Just because a business does not make any money, does not mean that the stock will go down. Indeed, Globe Metals & Mining (ASX:GBE) stock is up 279% in the last year, providing strong gains for shareholders. Nonetheless, only a fool would ignore the risk that a loss making company burns through its cash too quickly.
So notwithstanding the buoyant share price, we think it's well worth asking whether Globe Metals & Mining's cash burn is too risky. For the purpose of this article, we'll define cash burn as the amount of cash the company is spending each year to fund its growth (also called its negative free cash flow). We'll start by comparing its cash burn with its cash reserves in order to calculate its cash runway.
When Might Globe Metals & Mining Run Out Of Money?
A cash runway is defined as the length of time it would take a company to run out of money if it kept spending at its current rate of cash burn. In June 2021, Globe Metals & Mining had AU$2.8m in cash, and was debt-free. In the last year, its cash burn was AU$2.3m. So it had a cash runway of approximately 15 months from June 2021. While that cash runway isn't too concerning, sensible holders would be peering into the distance, and considering what happens if the company runs out of cash. Importantly, if we extrapolate recent cash burn trends, the cash runway would be noticeably longer. The image below shows how its cash balance has been changing over the last few years.
How Is Globe Metals & Mining's Cash Burn Changing Over Time?
Although Globe Metals & Mining reported revenue of AU$199k last year, it didn't actually have any revenue from operations. To us, that makes it a pre-revenue company, so we'll look to its cash burn trajectory as an assessment of its cash burn situation. Over the last year its cash burn actually increased by 6.2%, which suggests that management are increasing investment in future growth, but not too quickly. However, the company's true cash runway will therefore be shorter than suggested above, if spending continues to increase. Admittedly, we're a bit cautious of Globe Metals & Mining due to its lack of significant operating revenues. We prefer most of the stocks on this list of stocks that analysts expect to grow.
Can Globe Metals & Mining Raise More Cash Easily?
Since its cash burn is increasing (albeit only slightly), Globe Metals & Mining shareholders should still be mindful of the possibility it will require more cash in the future. Generally speaking, a listed business can raise new cash through issuing shares or taking on debt. Many companies end up issuing new shares to fund future growth. By looking at a company's cash burn relative to its market capitalisation, we gain insight on how much shareholders would be diluted if the company needed to raise enough cash to cover another year's cash burn.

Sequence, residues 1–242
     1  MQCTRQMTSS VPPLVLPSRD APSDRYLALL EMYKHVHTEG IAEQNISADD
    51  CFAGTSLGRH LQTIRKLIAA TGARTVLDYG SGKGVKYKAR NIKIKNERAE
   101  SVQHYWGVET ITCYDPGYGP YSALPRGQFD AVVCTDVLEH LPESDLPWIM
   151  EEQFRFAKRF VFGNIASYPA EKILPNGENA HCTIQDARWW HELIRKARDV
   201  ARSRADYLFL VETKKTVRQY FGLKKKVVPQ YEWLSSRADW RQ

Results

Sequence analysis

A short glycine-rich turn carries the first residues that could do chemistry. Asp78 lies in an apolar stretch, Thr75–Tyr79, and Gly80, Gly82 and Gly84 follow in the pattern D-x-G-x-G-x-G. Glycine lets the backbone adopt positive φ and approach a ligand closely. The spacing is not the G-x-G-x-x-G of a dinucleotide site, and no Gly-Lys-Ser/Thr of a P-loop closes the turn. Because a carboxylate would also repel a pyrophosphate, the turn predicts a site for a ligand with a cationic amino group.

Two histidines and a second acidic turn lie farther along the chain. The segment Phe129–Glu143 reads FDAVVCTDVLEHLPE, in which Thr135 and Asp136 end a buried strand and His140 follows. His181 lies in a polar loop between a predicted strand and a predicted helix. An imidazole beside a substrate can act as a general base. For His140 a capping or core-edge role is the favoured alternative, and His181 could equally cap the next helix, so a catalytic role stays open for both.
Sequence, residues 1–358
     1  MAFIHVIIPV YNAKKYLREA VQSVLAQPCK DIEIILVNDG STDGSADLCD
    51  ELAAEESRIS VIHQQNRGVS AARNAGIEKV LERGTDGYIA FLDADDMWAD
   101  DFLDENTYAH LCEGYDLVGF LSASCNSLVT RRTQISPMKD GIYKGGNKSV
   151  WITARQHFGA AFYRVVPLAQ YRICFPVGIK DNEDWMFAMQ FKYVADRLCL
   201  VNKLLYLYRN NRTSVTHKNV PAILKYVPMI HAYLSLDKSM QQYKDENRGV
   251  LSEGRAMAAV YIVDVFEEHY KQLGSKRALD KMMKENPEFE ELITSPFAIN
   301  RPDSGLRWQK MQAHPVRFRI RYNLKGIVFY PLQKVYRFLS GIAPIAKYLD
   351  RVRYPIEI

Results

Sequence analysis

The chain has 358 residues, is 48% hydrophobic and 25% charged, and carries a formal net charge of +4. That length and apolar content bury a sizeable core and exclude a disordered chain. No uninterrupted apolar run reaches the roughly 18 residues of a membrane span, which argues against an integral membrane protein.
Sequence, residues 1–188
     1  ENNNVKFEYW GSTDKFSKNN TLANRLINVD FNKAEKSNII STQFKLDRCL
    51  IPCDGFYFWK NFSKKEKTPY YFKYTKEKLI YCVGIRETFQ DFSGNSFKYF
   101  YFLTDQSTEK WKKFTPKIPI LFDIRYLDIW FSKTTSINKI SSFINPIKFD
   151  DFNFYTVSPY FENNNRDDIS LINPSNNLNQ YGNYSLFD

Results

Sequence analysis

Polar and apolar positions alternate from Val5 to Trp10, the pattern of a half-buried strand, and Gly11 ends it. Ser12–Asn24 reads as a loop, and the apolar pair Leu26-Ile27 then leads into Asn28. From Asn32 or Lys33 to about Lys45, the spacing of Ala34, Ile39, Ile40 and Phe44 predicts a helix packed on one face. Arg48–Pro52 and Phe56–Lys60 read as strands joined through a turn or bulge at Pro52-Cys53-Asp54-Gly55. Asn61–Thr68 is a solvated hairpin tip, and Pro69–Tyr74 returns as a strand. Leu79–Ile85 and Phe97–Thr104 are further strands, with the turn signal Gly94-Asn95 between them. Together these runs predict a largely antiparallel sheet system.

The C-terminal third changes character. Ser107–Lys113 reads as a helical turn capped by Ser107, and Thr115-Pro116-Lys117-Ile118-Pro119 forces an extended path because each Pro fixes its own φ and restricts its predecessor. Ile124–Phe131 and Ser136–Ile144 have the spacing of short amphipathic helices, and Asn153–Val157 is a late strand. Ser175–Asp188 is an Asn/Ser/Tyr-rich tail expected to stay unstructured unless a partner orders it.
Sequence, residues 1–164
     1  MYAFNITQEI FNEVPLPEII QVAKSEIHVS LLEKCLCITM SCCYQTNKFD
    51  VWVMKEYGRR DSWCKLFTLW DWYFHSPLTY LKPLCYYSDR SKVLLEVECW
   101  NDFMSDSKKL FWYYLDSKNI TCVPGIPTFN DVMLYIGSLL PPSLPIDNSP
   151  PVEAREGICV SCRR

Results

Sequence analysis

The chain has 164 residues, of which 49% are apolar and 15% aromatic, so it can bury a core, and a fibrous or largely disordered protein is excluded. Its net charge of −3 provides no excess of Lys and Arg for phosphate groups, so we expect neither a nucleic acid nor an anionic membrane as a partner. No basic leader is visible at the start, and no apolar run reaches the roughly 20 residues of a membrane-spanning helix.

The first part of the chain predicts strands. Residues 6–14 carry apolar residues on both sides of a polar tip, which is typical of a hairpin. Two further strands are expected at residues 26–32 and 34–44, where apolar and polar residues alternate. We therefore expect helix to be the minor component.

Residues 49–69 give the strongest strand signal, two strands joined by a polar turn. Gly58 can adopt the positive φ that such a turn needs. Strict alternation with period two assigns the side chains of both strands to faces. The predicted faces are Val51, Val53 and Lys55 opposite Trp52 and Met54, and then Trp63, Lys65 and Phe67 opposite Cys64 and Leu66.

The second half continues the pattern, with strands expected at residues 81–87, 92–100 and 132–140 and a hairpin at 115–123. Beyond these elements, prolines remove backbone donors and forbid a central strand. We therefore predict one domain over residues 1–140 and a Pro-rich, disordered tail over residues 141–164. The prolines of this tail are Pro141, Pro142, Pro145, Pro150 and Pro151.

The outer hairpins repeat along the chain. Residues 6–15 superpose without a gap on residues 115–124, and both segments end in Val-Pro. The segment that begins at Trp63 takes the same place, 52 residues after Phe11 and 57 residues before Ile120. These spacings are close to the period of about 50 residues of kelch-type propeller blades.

Since it has a market capitalisation of AU$51m, Globe Metals & Mining's AU$2.3m in cash burn equates to about 4.5% of its market value. That's a low proportion, so we figure the company would be able to raise more cash to fund growth, with a little dilution, or even to simply borrow some money.
So, Should We Worry About Globe Metals & Mining's Cash Burn?
Even though its increasing cash burn makes us a little nervous, we are compelled to mention that we thought Globe Metals & Mining's cash burn relative to its market cap was relatively promising. While we're the kind of investors who are always a bit concerned about the risks involved with cash burning companies, the metrics we have discussed in this article leave us relatively comfortable about Globe Metals & Mining's situation. On another note, Globe Metals & Mining has 3 warning signs (and 1 which is potentially serious) we think you should know about.
If you would prefer to check out another company with better fundamentals, then do not miss this free list of interesting companies, that have HIGH return on equity and low debt or this list of stocks which are all forecast to grow.
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This article by Simply Wall St is general in nature. We provide commentary based on historical data and analyst forecasts only using an unbiased methodology and our articles are not intended to be financial advice. It does not constitute a recommendation to buy or sell any stock, and does not take account of your objectives, or your financial situation. We aim to bring you long-term focused analysis driven by fundamental data. Note that our analysis may not factor in the latest price-sensitive company announcements or qualitative material. Simply Wall St has no position in any stocks mentioned.